Ronny Tong think tank Path of Democracy mulls visit to Beijing

PUBLISHED : Monday, 13 July, 2015, 6:01am
UPDATED : Monday, 13 July, 2015, 1:40pm

The think tank founded by moderate lawmaker Ronny Tong Ka-wah is considering a visit to Beijing later this year to meet a semi-official think tank.

Ivan Chu Siu-lun, a member of Tong's group, Path of Democracy, and also of the Chinese Association of Hong Kong and Macau Studies, which is close to Beijing, said he was "actively pushing" for the meeting.

"As a think tank, I think it makes sense for us to interact with the scholars of the association and discuss how to implement democracy under 'one country, two systems'," he told the South China Morning Post.

Chu said the visit was still being planned and it could happen in December, when the think tank could meet the association's leaders, who were mostly mainland academics. Chen Zuoer, former deputy director of the Hong Kong and Macau Affairs Office, is the chairman.

Tong suggested looking at the possibility "if the atmosphere was right", but said the trip idea was at a very preliminary stage.

Tong set up the group with political scholars and others last month in a bid to seek "a third path" in achieving democracy. The former Civic Party member lamented that the pan-democrats' uncompromising approach was not helpful in solving reform problems with Beijing.

Chu, 34, of the Democratic Alliance for the Betterment and Progress of Hong Kong, is the only person in the think tank from a pro-Beijing party.

"I feel that my role in the think tank is to foster communication between the two camps," he said. "It's good for pan-democrats to better understand the rapid developments on the mainland."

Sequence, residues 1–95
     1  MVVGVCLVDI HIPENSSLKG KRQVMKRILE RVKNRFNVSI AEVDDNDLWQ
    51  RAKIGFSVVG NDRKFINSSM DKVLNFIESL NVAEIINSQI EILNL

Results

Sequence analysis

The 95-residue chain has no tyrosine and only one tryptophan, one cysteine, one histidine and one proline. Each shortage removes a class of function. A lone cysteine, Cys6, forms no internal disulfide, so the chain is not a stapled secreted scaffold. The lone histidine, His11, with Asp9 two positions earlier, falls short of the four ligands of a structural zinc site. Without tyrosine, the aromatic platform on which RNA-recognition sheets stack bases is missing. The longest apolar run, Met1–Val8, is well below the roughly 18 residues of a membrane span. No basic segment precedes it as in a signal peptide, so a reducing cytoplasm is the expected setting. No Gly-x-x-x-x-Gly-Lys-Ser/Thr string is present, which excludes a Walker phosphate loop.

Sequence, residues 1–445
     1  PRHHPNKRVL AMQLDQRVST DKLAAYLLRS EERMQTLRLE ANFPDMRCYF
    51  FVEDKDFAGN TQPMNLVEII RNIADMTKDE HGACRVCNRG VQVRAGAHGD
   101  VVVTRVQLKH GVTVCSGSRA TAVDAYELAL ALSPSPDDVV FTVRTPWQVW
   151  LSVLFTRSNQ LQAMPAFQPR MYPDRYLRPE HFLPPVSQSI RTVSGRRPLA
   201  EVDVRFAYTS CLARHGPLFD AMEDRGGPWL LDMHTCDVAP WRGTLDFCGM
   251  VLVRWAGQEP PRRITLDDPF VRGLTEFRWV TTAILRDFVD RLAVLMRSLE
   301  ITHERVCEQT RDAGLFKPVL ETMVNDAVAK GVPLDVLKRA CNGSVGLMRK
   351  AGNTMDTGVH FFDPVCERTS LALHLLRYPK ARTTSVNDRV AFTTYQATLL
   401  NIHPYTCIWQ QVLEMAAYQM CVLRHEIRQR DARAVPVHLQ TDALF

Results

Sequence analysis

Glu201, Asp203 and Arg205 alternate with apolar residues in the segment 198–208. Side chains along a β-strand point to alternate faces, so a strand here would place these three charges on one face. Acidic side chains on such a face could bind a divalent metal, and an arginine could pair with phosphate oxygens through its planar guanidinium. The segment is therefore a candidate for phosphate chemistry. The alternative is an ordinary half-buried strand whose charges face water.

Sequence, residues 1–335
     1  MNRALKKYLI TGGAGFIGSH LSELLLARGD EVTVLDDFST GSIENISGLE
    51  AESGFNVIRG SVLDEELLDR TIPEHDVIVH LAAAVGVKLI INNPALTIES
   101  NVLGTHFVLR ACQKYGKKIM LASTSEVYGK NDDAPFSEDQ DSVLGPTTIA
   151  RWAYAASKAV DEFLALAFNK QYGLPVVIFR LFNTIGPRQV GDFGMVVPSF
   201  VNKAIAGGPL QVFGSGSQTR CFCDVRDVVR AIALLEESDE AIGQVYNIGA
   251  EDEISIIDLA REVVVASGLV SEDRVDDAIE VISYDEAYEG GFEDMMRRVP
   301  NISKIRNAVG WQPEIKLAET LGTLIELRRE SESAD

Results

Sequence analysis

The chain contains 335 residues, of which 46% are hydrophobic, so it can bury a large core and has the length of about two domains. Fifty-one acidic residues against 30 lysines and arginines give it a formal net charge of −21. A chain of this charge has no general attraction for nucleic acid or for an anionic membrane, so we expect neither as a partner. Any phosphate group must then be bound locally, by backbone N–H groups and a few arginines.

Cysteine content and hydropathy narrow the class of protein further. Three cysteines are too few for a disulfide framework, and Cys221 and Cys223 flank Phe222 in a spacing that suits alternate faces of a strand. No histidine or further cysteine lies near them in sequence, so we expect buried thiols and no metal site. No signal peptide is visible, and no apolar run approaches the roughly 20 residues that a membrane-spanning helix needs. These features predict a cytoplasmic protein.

Another reason for joining, Chu said, was because of "limitations" in promoting political ideas under the DAB's banner.

"People often think we are trying to brainwash them. It's hard to find attendees for political activities sometimes."

He hoped the think tank would welcome more people, including politicians from both camps, so as to strengthen its political influence.

Chu, who runs a financial company and a lobby group and research centre called the Sustainable Development Research Institute, said he had no plans to run for election.

But he was open to serving the administration. Some of his party colleagues have become political assistants or undersecretaries of bureaus.

Meanwhile, members of the think tank will meet Chief Secretary Carrie Lam Cheng Yuet-ngor and the Democratic Party this week to seek a way forward on political reform.